October 30, 2014
With interest rates continuing at historic lows, there may be no better opportunity to get a mortgage — particularly one with a fixed rate — than now.
Of course, you’ll find there’s more to getting a mortgage than simply locking yourself in to the lowest fixed rate. Here are four trends that could impact your decision.
Interest rates have been expected to rise for several years. They continue, however, to defy expectations by staying low, hovering at or below 3 percent for both variable and fixed 5-year closed mortgage rates.
Compared to consumer credit rates, which hover at around 10 percent, a mortgage compares very favourably (making it also a good time to take advantage of a HELOC or other home equity loan).
Though this trend can’t last forever, conditions remain favourable for borrowers. Once rates go up, they may not come back down to this level for a very long time.
Because the only thing certain about today’s low interest rates is that they will someday have to go up again, a fixed rate mortgage may seem like the best option. That way, when rates do go up, you’ll be locked in to today’s lower rates.
Rates may go down even further, though, and a fixed rate would mean you’re paying more than the prevailing interest rates. In this case, it’s better to have a variable rate mortgage.
To get the best of both worlds, it’s becoming more common for people to consider a hybrid mortgage — one that offers a partially variable and partially fixed rate on the interest you would have to pay.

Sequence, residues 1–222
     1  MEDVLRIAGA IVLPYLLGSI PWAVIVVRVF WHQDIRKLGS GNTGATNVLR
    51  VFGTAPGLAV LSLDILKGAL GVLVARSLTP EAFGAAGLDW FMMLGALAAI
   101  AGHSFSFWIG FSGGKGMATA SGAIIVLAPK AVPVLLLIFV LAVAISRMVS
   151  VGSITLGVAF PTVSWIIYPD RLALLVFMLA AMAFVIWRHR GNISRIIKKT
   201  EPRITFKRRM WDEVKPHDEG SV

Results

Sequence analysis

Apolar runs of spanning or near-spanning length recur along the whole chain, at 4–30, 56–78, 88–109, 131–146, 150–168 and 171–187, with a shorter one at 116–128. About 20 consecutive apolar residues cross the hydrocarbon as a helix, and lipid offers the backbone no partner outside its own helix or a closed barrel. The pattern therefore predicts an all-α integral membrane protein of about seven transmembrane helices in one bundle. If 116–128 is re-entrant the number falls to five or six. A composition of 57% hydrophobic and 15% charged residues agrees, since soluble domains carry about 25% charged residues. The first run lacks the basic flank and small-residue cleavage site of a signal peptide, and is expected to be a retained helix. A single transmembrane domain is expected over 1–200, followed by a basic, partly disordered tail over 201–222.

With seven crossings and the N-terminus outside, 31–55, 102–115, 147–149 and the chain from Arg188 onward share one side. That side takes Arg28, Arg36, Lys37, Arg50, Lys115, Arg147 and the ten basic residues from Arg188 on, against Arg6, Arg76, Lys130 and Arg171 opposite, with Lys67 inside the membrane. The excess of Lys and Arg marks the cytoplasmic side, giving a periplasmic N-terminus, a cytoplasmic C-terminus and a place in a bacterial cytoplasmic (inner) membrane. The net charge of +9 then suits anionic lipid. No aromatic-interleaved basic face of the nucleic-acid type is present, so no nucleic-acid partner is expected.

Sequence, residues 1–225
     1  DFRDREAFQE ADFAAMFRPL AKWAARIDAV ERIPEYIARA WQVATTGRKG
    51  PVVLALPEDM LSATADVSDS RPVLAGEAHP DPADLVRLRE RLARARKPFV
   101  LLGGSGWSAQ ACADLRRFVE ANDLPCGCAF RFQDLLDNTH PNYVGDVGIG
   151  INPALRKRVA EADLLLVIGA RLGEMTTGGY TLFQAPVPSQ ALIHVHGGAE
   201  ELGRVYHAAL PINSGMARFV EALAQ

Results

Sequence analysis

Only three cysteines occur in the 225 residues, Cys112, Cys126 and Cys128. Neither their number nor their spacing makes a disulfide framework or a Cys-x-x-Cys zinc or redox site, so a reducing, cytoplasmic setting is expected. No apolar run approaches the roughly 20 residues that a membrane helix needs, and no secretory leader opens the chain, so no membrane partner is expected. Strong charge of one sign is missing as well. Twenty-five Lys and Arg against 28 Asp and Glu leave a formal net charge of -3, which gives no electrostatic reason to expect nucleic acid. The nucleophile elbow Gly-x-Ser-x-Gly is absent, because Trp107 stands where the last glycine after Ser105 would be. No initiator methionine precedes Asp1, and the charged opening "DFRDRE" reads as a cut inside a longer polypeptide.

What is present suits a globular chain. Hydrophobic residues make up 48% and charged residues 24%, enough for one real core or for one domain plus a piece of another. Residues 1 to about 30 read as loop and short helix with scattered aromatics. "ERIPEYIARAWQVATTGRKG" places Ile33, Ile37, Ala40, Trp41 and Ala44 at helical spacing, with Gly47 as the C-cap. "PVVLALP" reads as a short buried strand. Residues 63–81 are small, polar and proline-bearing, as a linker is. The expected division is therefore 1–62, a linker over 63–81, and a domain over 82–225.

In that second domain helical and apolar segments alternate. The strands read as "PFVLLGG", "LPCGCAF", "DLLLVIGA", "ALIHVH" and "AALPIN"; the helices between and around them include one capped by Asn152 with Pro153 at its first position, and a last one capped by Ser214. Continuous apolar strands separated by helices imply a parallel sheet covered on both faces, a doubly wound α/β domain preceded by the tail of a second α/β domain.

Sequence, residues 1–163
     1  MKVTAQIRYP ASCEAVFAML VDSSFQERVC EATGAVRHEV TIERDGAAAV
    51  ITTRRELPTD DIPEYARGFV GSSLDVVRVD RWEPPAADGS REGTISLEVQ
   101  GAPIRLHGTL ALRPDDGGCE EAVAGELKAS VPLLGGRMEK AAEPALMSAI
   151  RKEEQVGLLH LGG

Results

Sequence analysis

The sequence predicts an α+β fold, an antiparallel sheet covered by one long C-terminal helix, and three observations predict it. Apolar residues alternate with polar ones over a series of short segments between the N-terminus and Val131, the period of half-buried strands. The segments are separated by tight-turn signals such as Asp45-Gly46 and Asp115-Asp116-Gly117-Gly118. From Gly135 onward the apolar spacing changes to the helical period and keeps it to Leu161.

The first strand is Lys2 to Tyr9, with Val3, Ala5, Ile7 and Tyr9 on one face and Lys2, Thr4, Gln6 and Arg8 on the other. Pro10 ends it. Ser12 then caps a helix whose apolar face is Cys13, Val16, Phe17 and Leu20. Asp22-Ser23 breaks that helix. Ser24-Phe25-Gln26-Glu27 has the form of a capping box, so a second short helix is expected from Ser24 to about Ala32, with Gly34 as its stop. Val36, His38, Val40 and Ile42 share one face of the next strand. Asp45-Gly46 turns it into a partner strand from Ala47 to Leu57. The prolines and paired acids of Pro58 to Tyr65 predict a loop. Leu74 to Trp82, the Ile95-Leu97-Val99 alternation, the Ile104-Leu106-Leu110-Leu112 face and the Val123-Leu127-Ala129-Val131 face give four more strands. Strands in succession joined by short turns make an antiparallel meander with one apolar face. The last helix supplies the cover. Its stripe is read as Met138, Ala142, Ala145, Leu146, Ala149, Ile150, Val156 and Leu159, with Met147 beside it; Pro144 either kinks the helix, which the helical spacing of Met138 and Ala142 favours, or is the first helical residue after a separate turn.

This can help you take better advantage of low interest rates, while protecting you against the risk that rates will suddenly rise.
Mortgage insurance offers you a way to protect yourself against the risks associated with mortgage debt. In many cases, such as when you purchase a property with less than a 20 percent down payment, it’s required by law.
Recent changes in regulations have increased the cost and restrictions on financing uninsured borrowers, a trend that began with the financial crisis of 2008.
It’s also getting harder to get mortgage insurance. As of May 30, 2014, the Canada Mortgage and Housing Corporation no longer offers insurance if you’re buying a second home.
The rules particularly affect those who want to purchase a new home with mortgage insurance while keeping their old home as a rental property. Parents who act as co-borrowers on their children’s mortgages face similar restrictions.
Though it’s unclear if stricter regulations are coming, it’s unlikely that the current rules will be loosened anytime soon.
While in the past you may have considered or even taken out a mortgage with one of the big six banks, credit unions are becoming a more viable option for many borrowers.
Because they are regulated by provincial governments, credit unions often enjoy a greater degree of flexibility than the big six. This has recently allowed them to challenge the larger banks on mortgage rates.
While credit unions are by no means cheaper across the board, they are becoming more competitive, and more consumers are choosing them for their perceived transparency.
?At the same time, borrowers who choose credit unions should be prepared to stay close by. The mortgage you get may not be portable across provincial lines, and it may come with a number of other restrictions that you won’t get from one of the larger banks.
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